BOSTON (CBS) — When Gordon Hayward and Kyrie Irving sat together in front of the media at TD Garden in the summer of 2017, some big things were supposed to begin in Boston. For a variety of reasons, those big things never quite panned out.

And when Hayward’s tenure with the Celtics unceremoniously ended with the player opting out of the final year of his contract in November, it concluded a three-year arc that could only be described as disappointing.

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Despite the way things played out, Hayward — now a very wealthy Charlotte Hornet — said he has no regrets regarding anything that’s happened in his career since deciding to sign with Boston.

“I have no regrets about anything that happened in Boston, and I really appreciate all the fan support — for supporting me through a wild ride of ups and downs,” Hayward said in a wide-ranging interview with The Athletic’s Sam Amick.

Hayward suffered a gruesome injury in his first game as a Celtic, and the All-Star duo of Hayward and Irving never got to flourish the way Danny Ainge, Brad Stevens, or Celtics fans envisioned.

Hayward — who said he doesn’t keep in touch with Irving, aside from saying hello at games — explained that the way things played out is not really anybody’s fault.

“It’s unfortunate what happened because I don’t think we ever really got a chance to be the tandem that we wanted to be. I got injured right away, and then he got injured. Now, I’m trying to come back. We just didn’t get a chance for it to take off,” Hayward said. “Like I said earlier, I loved my time in Boston, the relationships I built. No regrets.”

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Hayward did have one regret, though, as he said he should not have played hurt during last year’s postseason in the Orlando bubble. Returning from an ankle injury suffered in the first game of the playoffs, Hayward averaged 10.5 points, 4 rebounds and 2.8 assists in 30.7 minutes per game, shooting 40.5 percent from the field and 27.8 percent from 3-point range during the Celtics’ loss to Miami.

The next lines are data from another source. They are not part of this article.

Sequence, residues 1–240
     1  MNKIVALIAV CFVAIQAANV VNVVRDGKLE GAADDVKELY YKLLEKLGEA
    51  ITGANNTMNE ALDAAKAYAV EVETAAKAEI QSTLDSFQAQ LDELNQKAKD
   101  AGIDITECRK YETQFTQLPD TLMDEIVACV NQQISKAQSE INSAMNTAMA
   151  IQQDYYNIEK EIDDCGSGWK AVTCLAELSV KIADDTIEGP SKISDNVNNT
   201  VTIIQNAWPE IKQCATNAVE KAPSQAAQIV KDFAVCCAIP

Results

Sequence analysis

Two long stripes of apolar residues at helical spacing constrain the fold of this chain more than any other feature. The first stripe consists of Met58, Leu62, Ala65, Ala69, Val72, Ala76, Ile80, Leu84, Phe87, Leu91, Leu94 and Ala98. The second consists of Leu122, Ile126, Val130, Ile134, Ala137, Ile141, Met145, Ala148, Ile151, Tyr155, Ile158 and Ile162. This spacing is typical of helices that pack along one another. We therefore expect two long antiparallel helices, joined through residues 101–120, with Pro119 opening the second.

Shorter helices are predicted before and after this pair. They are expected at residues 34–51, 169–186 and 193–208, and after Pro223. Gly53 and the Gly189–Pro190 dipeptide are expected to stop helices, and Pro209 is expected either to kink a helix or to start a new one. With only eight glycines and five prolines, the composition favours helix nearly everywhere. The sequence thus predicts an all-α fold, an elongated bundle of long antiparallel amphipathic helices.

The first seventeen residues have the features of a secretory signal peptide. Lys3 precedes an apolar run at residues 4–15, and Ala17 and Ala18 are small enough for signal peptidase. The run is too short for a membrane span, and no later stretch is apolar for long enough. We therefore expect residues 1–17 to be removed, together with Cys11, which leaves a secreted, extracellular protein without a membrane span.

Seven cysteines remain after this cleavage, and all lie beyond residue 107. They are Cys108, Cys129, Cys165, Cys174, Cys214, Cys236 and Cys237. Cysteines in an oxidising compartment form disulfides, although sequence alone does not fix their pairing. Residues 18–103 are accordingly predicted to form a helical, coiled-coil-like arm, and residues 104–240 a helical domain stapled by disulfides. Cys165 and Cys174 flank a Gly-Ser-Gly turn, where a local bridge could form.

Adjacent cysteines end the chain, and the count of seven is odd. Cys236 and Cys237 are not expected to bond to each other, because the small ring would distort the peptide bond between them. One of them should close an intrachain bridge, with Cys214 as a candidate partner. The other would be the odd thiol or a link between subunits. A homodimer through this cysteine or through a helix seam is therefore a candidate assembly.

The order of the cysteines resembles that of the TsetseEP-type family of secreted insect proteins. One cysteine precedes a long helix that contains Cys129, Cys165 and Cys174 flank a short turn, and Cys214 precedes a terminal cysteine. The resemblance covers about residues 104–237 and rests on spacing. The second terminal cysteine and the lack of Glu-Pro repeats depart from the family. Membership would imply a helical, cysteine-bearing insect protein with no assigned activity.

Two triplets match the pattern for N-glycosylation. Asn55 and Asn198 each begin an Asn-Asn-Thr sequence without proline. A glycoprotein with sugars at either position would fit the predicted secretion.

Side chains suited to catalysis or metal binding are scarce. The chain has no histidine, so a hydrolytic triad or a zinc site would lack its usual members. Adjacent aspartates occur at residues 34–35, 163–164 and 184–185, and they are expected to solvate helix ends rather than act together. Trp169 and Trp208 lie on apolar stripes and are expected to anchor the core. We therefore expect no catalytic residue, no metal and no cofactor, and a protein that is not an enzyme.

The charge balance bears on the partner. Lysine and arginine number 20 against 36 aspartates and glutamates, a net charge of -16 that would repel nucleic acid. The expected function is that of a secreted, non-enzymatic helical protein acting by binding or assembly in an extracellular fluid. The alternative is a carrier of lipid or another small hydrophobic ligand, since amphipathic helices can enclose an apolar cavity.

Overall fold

“I honestly shouldn’t have come back and played, but tried to play through it and wasn’t able to be myself, so I don’t think we had our full team there at the end. So it was disappointing, but not necessarily stuff that you can control,” Hayward said. “Injuries happen. Those types of things happen. But I had great experiences besides those things in Boston, built great relationships, still have good relationships with the coaches and some of the players there.”

As for leaving Boston, Hayward’s four-year, $128 million deal showed that he made the clear and obvious correct decision for his life and career. The 30-year-old father of four said that even after opting out, he hoped he might have been able to re-sign in Boston.

“Boston was — like, let’s not forget about Boston. I really wanted to go back to Boston too,” Hayward said when running through his free-agent options, which included the Hawks, Knicks, and Pacers.

Ultimately, the big money plus the opportunity offered by Charlotte sealed the deal.

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“As far as the basketball is concerned, I think the opportunity to go somewhere, get a fresh start, be in a position to try to maximize my potential as a basketball player, I think, going somewhere where I’d have the ability to try and help a franchise get to that next level, it grew on me more and more after talking to the coaching staff, talking to the front office, obviously talking with my agent and my wife and family,” Hayward told Amick. “That challenge kind of resonated with me.” Staff